The Temptations’ second album has a couple of really iconic songs and an overall quality of material that I feel like is relatively uncommon in Motown records. (That opinion isn’t the most informed, but I have listened to the odd Motown.) But there are some problems with the record, too.
As the title implies, all the songs are at least co-written by Smokey Robinson (who also produced). But some of the songs were written explicitly for the group and some weren’t. And, as a child oldies listener, I can tell you somewhat definitely that their versions are not always better. I think particularly of “You Beat Me to the Punch” – from memory I think the Mary Wells version is a lot better, though I must admit I haven’t consciously listened to her version in decades. And did we really need another version of “You’ve Really Got a Hold on Me”? Is this version really preferable to the Miracles’ version or the Beatles’? (Not to my ears.)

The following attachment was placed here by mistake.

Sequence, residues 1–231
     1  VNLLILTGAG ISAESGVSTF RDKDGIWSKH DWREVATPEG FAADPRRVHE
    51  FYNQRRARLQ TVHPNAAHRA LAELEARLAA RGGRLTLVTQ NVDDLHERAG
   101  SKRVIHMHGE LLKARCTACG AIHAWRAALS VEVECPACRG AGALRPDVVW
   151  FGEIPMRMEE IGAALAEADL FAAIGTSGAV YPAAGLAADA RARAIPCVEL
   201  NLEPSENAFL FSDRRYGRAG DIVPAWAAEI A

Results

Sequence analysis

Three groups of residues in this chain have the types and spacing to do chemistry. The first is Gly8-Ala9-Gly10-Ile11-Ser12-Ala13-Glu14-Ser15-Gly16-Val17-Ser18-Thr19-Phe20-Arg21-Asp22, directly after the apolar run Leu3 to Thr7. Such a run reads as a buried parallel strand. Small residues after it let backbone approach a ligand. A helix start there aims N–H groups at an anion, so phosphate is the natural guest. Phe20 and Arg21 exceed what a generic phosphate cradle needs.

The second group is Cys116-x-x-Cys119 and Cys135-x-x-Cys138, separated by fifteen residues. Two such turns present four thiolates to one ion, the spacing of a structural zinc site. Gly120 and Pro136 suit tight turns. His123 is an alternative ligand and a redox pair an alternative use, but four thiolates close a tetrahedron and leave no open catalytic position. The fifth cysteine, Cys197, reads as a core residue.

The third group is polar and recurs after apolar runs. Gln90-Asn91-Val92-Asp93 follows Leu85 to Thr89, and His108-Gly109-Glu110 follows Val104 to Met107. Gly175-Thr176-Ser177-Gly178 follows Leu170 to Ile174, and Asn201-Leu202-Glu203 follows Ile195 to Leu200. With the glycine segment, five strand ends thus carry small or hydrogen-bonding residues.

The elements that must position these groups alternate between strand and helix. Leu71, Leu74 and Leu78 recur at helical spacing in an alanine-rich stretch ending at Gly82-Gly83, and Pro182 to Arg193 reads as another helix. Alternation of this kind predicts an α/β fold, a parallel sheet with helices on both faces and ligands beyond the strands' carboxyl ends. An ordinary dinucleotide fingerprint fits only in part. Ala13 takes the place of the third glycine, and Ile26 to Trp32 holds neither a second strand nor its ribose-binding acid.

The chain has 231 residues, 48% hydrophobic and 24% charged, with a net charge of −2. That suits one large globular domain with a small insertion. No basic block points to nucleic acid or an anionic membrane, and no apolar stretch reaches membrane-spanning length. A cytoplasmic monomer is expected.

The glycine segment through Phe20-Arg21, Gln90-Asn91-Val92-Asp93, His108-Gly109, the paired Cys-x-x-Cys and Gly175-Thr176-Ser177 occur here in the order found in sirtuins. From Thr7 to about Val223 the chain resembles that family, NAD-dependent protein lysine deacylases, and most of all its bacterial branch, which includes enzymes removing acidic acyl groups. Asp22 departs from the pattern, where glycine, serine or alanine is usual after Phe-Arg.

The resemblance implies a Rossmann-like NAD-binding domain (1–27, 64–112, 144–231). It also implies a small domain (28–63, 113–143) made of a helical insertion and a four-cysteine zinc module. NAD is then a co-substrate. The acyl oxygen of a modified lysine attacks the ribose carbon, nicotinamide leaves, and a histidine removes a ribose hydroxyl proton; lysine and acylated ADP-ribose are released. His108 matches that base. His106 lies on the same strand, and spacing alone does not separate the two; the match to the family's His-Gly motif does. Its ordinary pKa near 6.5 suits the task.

This usage of old Smokey Robinson tunes suggests that maybe there wasn’t enough material to go around. Nowhere is that more clear than with the opening track, the Temptations classic “The Way You Do the Things You Do” which is also the lead track of…wait for it…their debut album, released a year earlier. Music labels had just zero respect for their customers back then. For fuck’s sake.
Everything is well done. The singers are compelling and we can understand why “My Girl” in particular has stood the test of time. But though the quality of the material is better than some contemporary records, some of the songs are unnecessary. And, add to that the fact that I find Motown as a rule to be overproduced, and I can’t say I am a big fan of this. I much prefer where The Temptations went in the 1970s, even if I’ve omitted Psychedelic Shack from this episode of the podcast.